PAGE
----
-      of these, the one in direct communication with the staircase can be reconstructed only in the masonry walls,

-      while the other, larger, still retained part of the decoration of fourth style with a black zoccolo, red panels and red upper area with various architectural motifs.

In the centre of the red panels or painted directly on the plaster or embedded, there were paintings of landscapes and garden motifs.”

See Notizie degli Scavi di Antichità, 1934, (p.341-4).

According to Allison –

Ling also identified further rooms above rooms 3, 4 and 5.

See Allison, P.M. (2006). The Insula of the Menander at Pompeii: Vol. III The finds, Clarendon Press, Oxford, (p.370).

See Online Companion with details and photographs of the finds from I.10.18.

See Ling, R. & Ling, L. (2005). The Insula of the Menander at Pompeii, Vol. II The Decorations/ Oxford, (p. 298-9).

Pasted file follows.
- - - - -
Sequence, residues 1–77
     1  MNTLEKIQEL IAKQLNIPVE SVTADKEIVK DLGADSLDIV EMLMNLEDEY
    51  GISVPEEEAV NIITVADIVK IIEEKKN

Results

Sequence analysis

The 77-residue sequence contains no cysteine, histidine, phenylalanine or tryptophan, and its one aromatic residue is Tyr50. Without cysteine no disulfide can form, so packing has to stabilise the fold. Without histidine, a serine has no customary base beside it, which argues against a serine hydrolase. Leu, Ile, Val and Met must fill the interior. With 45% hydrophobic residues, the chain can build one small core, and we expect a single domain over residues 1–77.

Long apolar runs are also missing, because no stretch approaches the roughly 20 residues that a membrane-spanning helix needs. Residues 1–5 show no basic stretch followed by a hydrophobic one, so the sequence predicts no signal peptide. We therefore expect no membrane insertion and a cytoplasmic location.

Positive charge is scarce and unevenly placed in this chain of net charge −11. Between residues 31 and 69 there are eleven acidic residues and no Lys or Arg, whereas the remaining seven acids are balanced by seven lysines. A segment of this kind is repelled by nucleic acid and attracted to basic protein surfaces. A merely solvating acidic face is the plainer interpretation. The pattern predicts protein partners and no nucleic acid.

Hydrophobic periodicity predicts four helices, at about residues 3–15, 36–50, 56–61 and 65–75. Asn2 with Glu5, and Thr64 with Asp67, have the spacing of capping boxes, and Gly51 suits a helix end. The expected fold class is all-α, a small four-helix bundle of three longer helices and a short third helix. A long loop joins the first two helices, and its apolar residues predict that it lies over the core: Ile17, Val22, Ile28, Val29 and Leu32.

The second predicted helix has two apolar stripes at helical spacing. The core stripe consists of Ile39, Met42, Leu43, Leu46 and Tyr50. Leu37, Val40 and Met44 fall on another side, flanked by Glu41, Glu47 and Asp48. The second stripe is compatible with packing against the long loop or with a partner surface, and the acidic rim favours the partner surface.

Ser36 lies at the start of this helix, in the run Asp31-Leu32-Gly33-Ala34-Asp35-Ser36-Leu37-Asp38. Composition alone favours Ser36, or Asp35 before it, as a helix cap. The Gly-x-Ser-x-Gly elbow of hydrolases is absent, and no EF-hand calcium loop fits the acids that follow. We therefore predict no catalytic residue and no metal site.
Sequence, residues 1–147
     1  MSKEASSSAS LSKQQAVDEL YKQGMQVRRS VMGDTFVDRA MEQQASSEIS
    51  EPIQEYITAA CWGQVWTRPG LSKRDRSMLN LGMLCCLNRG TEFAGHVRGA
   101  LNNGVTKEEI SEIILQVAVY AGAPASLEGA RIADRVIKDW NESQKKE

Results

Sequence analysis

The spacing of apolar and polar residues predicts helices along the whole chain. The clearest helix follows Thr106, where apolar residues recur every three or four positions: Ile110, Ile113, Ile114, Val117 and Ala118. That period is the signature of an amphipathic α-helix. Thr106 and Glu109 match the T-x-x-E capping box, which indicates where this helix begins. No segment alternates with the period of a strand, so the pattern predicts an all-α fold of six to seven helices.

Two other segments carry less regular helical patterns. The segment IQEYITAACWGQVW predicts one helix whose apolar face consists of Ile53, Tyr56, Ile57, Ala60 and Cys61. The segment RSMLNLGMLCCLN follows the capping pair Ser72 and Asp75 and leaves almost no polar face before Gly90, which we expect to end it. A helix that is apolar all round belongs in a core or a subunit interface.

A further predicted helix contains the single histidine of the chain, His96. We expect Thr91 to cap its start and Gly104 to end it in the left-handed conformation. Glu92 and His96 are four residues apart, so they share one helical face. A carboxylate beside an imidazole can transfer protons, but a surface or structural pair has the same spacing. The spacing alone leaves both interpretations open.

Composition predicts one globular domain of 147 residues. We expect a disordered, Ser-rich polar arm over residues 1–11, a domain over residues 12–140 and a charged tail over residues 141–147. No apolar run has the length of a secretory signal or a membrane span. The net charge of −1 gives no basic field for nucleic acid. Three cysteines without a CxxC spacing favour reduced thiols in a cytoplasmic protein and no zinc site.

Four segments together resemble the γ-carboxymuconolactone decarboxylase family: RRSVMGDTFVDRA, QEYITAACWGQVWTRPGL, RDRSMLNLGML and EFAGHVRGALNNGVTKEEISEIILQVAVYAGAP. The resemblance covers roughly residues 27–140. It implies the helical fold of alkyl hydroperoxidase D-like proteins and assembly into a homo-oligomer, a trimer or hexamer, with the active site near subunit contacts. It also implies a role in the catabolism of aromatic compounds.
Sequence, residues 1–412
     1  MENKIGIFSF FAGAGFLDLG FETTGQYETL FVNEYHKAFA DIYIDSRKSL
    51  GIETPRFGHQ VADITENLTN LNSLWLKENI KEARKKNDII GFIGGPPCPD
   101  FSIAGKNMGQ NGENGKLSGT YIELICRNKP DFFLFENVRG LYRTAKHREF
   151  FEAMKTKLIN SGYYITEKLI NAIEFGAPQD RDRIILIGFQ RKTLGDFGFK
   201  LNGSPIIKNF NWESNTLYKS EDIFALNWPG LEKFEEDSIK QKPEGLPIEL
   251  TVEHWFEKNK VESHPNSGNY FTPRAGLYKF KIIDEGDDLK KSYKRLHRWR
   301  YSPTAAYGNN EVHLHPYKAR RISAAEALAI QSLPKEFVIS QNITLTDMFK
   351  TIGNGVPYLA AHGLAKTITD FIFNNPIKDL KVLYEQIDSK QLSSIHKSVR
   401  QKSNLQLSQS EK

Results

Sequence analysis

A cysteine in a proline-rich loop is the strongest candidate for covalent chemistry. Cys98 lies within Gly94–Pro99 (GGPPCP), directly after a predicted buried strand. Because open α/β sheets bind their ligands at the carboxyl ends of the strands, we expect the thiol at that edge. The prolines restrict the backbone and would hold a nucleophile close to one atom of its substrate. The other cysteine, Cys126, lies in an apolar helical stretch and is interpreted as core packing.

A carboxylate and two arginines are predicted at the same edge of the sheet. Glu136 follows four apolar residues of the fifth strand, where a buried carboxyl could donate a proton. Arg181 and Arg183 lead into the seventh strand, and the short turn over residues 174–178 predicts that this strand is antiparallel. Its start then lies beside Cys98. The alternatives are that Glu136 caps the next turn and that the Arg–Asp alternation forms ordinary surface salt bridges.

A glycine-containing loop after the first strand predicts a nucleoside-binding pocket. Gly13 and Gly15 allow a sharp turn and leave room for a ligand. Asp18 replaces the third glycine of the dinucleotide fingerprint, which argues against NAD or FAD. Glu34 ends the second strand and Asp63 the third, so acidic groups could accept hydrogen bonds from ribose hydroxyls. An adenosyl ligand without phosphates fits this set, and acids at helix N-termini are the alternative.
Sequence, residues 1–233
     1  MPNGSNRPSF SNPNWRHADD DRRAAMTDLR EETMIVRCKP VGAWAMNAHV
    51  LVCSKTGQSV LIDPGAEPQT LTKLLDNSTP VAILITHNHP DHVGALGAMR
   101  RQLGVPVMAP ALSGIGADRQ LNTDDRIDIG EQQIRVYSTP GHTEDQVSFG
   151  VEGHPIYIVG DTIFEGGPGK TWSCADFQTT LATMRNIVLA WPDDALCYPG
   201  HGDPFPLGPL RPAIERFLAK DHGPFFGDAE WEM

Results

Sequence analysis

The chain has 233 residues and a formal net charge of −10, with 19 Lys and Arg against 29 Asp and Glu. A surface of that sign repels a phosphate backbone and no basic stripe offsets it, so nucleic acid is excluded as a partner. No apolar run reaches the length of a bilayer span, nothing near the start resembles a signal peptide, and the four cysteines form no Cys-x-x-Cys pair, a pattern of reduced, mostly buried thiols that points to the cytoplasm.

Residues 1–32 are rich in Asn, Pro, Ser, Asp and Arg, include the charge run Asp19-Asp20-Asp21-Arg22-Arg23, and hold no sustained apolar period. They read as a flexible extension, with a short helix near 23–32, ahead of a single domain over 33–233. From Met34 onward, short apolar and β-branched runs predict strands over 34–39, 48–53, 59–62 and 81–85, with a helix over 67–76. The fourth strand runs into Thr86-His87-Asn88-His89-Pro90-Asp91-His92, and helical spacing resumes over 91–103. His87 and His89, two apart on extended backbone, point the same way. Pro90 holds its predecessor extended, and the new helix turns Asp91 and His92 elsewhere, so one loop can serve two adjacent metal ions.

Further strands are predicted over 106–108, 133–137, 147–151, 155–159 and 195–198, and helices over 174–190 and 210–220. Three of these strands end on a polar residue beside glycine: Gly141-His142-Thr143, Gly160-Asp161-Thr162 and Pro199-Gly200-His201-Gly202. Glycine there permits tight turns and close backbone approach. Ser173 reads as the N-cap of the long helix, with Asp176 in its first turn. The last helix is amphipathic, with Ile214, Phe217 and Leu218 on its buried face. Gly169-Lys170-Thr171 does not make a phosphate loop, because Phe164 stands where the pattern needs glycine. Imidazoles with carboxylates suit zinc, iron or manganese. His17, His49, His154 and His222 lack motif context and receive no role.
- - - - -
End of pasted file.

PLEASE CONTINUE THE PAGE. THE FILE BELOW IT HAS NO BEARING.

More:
I.10.18 Pompeii. 1980 or 1983. North-east corner and east wall of room on upper floor. The small paintings have been removed.  
Source: The Wilhelmina and Stanley A. Jashemski archive in the University of Maryland Library, Special Collections (See collection page) and made available under the Creative Commons Attribution-Non Commercial License v.4. See Licence and use details. J80f0559

I.10.18 Pompeii. 1980 or 1983. North-east corner and east wall of room on upper floor. The small paintings have been removed. 

Source: The Wilhelmina and Stanley A. Jashemski archive in the University of Maryland Library, Special Collections (See collection page) and made available under the Creative Commons Attribution-Non-Commercial License v.4. See Licence and use details.

J80f0559

 

I.10.18 Pompeii. 1980 or 1983. North wall of room on upper floor, detail from near north-east corner.
Source: The Wilhelmina and Stanley A. Jashemski archive in the University of Maryland Library, Special Collections (See collection page) and made available under the Creative Commons Attribution-Non Commercial License v.4. See Licence and use details. J80f0560

I.10.18 Pompeii. 1980 or 1983.

North wall of room on upper floor, detail from near north-east corner.